Even within the confines of neoclassical economic theory, on which the government relies, companies always seek to maximise profits. So the idea that if you give them more money they will want to give it away to their workers does not automatically follow.
But, given that the government is championing this policy on the basis that it will lift wages, we should expect that next time unions are campaigning for wage rises the government will be standing with them to make sure that the stated goals of their policy come to fruition. In fact, given that the business tax cuts started phasing in from the 2015-16 financial year, you might have expected to see this already happening.
Instead, we have seen the government cut penalty rates and regularly condemn or threaten to deregister unions.
Either the government’s campaign for wage rises is yet to come or it is being disingenuous about the real goals of its policies.
When businesses are given more money, investing, employing more staff and lifting wages are just some of a range of things they can do with it. An obvious alternative is to simply save it. Another is to spend it on luxuries.
Even if businesses do chose to invest the money, it may be in speculative rather than productive investment.
Investing in stocks or derivatives is one option. The growth of the stock market since the GFC attests that much of the growing profits from recent years have ended up there.
Likewise, the disproportionate growth of the property market attests to the fact that much of those growing profits have gone into buying investment properties, pushing home ownership further out of the reach of average income earners.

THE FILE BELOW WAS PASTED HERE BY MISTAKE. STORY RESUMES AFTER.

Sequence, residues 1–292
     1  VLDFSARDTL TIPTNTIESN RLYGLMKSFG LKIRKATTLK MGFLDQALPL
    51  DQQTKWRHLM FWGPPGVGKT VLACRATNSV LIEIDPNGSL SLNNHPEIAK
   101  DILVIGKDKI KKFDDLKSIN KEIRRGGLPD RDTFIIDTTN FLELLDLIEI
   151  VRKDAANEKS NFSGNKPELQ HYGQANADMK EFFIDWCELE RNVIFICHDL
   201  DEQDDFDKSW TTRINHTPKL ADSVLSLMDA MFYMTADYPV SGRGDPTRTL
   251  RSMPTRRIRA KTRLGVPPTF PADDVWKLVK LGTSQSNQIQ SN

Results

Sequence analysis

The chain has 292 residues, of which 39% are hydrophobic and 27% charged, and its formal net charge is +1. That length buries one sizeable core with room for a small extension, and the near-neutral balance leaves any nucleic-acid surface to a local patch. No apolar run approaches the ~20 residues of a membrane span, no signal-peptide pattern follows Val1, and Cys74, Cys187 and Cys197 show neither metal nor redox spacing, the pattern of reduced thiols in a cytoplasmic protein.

These speculative investments merely go to rising asset prices; they do not create jobs or lift wages, save those of a few stockbrokers and real estate agents.
Even when businesses use extra money for productive investment, it does not necessarily go into wage rises or job creation. Increased investment can be used to employ more staff. It can also be used to help re-equip businesses and allow them to reduce staff.
In a stark example, the NAB announced a record net profit of $5.3 billion in November. At the same time, it announced its intention to reduce its workforce and eliminate 6000 jobs.
If productive investments do create jobs, they will not necessarily be in Australia, as opposed to, say, Bangladesh.
If businesses are finding Australia’s 30% company tax rate too much, they need not settle for 25% either: channelling investments through shelf companies in tax havens like the Cayman Islands can bring it down to zero.
Business has already been getting larger profits and a bigger share of the economy, yet the extra money going to business has not resulted in higher wages or lower unemployment. So the idea that giving them even more money will have that result is obviously fanciful.
On the other hand, if the government were to give it to people such as Newstart recipients or low-paid workers, the outcomes would be different.
Not only would it help redress inequality, we could be sure that very little of it would find its way to the Cayman Islands, into speculation on investment properties, or into stock and derivatives markets. We could be quite confident that it would be going to buy goods and services, and employing the people who make them.